In the Image of God

When I was a child, a preacher used a metaphor about a cake pan to describe human beings. Adam was the original cake pan. After the “great fall,” the cake pan was dented. So as decedents of Adam, we are all now non-perfect cakes. We are somehow hollow, reduced.

But I simply don’t believe it. I will not pass that myth to my child. He’s perfect in every way, just as we all are.

The child’s face that I look in to is not a sinner. He’s not a broken individual waiting to be healed. He’s not evil, looking for someone to fix his fractured self.

He is, however, a child of God – of any God (you’ll read what I mean shortly), a child of mystery, a person of fullness.

I know there are many ways to look at the belief of broken humanity, but I continually think about the psychological damage we do to children when we keep pushing the “sinner” theology and thus set the foundation for this cycle of brokenness to continue. 

I sincerely think we do damage to children when we call them broken, bad, or selfish. They internalize those terms, and it becomes a self-fulfilling prophecy of negative attitudes. Maybe this is one reason this study found extremely religious states have more crime, divorce, and defeatist attitudes.

According to Psychology Today, labeling people has intense effects, whether negative or positive:

The long-term consequences of labeling a child like Hannah “smart” or “slow” are profound. In another classic study, Robert Rosenthal and Lenore Jacobson told teachers at an elementary school that some of their students had scored in the top 20% of a test designed to identify “academic bloomers”–students who were expected to enter a period of intense intellectual development over the following year. In fact, the students were selected randomly, and they performed no differently from their unselected peers on a genuine academic test. A year after convincing the teachers that some of their students were due to bloom, Rosenthal and Jacobson returned to the school and administered the same test. The results were astonishing among the younger children: the “bloomers,” who were no different from their peers a year ago, now outperformed their unselected peers by 10-15 IQ points. The teachers fostered the intellectual development of the “bloomers,” producing a self-fulfilling prophecy in which the students who were baselessly expected to bloom actually outperformed their peers.

So, when I read studies like this, I simply wonder why we would label first our selves as a sinner and then do the same to our children? Wouldn’t the world be better if we enforce the good?

In no way I am trying to trample on people’s most sacred beliefs – those things we all hold in our hearts and feel connected to in our core.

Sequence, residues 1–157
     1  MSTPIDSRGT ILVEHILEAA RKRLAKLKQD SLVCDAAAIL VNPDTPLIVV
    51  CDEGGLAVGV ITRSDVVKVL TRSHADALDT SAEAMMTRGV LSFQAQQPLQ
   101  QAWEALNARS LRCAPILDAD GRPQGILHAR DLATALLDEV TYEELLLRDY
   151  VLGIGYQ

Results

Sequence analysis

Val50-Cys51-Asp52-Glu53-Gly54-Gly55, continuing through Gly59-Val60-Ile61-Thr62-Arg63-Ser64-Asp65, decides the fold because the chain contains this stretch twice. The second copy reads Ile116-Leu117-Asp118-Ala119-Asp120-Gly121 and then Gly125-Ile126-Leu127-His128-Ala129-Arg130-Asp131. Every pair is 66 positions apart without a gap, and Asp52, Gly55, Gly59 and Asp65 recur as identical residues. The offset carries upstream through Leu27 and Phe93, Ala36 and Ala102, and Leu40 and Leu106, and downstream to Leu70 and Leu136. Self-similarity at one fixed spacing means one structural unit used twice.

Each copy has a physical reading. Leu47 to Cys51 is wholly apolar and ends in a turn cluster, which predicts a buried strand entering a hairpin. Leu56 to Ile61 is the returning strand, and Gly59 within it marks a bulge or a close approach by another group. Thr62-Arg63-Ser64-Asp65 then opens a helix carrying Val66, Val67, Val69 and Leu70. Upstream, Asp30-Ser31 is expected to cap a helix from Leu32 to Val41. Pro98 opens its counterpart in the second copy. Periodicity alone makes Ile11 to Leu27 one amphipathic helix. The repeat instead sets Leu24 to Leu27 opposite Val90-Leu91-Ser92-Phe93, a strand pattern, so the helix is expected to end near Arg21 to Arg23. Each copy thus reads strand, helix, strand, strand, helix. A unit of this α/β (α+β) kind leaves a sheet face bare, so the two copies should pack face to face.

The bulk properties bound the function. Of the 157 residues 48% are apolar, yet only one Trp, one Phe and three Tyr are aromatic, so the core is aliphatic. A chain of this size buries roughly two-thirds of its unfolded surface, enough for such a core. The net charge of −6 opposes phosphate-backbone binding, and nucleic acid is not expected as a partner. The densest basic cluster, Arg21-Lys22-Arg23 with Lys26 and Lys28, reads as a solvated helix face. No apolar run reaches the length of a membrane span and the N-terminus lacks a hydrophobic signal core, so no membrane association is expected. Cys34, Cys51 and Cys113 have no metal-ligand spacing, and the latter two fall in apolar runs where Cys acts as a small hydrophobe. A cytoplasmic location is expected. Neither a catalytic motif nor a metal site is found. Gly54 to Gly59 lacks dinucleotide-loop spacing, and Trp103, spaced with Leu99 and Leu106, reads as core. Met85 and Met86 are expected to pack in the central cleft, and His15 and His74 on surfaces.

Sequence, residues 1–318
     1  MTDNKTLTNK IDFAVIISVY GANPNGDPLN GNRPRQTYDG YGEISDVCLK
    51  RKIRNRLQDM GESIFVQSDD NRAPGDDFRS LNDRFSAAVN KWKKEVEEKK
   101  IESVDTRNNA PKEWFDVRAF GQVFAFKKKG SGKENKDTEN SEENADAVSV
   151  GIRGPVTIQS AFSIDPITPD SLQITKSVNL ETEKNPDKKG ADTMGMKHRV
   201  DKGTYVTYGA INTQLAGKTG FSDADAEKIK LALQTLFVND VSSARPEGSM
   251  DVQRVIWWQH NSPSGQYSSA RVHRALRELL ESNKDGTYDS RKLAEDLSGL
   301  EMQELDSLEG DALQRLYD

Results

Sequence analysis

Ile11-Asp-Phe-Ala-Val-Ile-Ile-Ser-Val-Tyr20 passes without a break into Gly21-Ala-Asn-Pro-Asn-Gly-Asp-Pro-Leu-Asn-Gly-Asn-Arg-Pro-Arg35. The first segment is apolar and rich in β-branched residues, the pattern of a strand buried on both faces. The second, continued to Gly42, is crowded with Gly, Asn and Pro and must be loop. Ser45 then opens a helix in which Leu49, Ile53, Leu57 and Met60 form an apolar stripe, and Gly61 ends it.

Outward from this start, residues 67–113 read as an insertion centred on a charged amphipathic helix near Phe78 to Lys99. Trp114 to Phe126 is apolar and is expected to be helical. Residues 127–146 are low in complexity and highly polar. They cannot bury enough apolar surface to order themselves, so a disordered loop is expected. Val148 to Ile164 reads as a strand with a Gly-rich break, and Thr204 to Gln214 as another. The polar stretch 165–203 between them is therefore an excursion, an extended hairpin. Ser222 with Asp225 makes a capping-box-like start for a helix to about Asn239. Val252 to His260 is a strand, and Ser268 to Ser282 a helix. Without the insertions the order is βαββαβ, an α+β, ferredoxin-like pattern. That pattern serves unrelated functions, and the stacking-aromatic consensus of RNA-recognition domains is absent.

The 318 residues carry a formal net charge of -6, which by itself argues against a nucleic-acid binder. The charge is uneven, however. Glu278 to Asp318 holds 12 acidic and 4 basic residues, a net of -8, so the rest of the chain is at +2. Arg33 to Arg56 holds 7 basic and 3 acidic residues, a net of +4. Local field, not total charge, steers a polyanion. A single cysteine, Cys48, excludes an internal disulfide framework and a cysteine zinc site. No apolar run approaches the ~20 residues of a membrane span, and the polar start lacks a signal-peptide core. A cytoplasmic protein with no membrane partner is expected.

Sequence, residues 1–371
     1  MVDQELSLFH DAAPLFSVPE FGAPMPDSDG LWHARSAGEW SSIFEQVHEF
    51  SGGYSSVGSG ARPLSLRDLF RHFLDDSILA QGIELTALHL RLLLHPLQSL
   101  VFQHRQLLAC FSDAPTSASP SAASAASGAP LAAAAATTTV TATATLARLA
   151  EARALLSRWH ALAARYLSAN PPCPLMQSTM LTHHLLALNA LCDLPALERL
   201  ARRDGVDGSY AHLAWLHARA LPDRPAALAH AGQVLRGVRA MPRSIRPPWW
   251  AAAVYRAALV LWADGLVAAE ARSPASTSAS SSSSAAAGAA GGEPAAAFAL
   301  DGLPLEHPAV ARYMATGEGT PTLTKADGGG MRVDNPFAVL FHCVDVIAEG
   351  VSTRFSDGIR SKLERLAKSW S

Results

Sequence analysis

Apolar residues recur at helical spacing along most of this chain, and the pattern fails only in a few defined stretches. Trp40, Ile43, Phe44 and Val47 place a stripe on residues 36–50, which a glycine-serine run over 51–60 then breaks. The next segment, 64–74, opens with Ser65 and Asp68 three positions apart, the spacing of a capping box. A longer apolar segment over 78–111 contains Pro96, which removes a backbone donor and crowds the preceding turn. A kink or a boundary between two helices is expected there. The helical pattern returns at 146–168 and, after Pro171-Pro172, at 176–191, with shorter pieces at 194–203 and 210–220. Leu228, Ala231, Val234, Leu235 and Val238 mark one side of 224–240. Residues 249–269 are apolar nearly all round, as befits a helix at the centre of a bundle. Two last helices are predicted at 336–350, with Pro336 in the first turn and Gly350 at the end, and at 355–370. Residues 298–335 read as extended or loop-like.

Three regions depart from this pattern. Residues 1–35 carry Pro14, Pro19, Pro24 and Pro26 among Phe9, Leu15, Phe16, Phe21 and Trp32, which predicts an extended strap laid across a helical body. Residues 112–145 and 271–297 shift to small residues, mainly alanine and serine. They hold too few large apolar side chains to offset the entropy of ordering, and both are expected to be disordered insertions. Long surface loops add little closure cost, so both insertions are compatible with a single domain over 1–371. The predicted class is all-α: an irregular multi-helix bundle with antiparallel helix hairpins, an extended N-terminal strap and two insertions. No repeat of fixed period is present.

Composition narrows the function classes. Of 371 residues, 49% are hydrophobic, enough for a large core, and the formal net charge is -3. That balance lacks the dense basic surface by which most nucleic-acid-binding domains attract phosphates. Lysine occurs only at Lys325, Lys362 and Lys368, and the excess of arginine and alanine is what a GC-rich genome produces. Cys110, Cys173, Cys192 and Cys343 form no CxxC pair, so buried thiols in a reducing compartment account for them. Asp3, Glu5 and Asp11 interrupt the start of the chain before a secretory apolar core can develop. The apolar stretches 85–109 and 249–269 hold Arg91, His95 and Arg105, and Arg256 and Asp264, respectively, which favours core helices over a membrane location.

But I am trying to make sense of this in my head.

I know many deeply religious friends whose foundation is built on Christ’s love, Gandhi’s patience, or Mother Theresa’s giving.

However, my mind is caught where I know it’s detrimental labeling someone “bad” from the get go. 

Maybe we just don’t see it that way when religious dialog shrouds the core belief because we aren’t allowed to question these fundamental beliefs – which we may not even pay attention to anymore anyway.  Maybe if we do wonder beyond them, it may mean we aren’t as faithful as we are told we should be. 

Perhaps describing humanity as sinners is so much part of the script we have been handed we don’t recognize the power it holds over our children, and in a larger sense, the world we are creating and living in today.

I recently read Just Babies: The Origins of Good and Evil.  I love the title because it has a play on the word “just” as in “morally right, fair,” and also as in “simply” – we are simply babies until our environment molds us.  

The author’s belief is that babies are born with a moral sense:

“This is not the same as an impulse to do good and avoid doing evil. Rather, it is the capacity to make certain types of judgements – to distinguish between good and bad, kindness and cruelty. What’s most vital to understand here is the profound effect we have on their morality. What we express, they imitate.”

There are some more lines that have stayed with me after reading which highlight children’s natural “moral sense”:

-psychologists have found that children naturally help adults without prompting:

“Maybe their helping is an adaptive behavior designed to endear them to their caretakers, analogous to their physical charms such as big eyes and round cheeks. But researchers have evidence that suggests that helping- at least by older children – really is motivated by a genuine care for others.”

-babies do not have the ability of doing good or bad things themselves just yet:

“babies are sensitive to the good and bad acts of others long before they are capable of doing anything good or bad themselves. It seems likely, then, that the ‘moral sense’ is first extended to others and then at some later point in development turns inward.”

In an interview, the author continues to explain what his book is all about, succinctly answering questions I had about humans:

Q)So are babies naturally good, or naturally evil? 

A) Both! We are born with empathy and compassion, the capacity to judge the actions of others, and a rudimentary understanding of justice and fairness. Morality is bred in the bone. But there is a nastier side to our natures as well. There’s a lot of evidence that even the youngest babies carve the world into Us versus Them—and they are strongly biased to favor the Us. We are very tribal beings. Our natures are not just kind; they are also cruel and selfish. We favor those who look like us and are naturally cold-blooded towards strangers.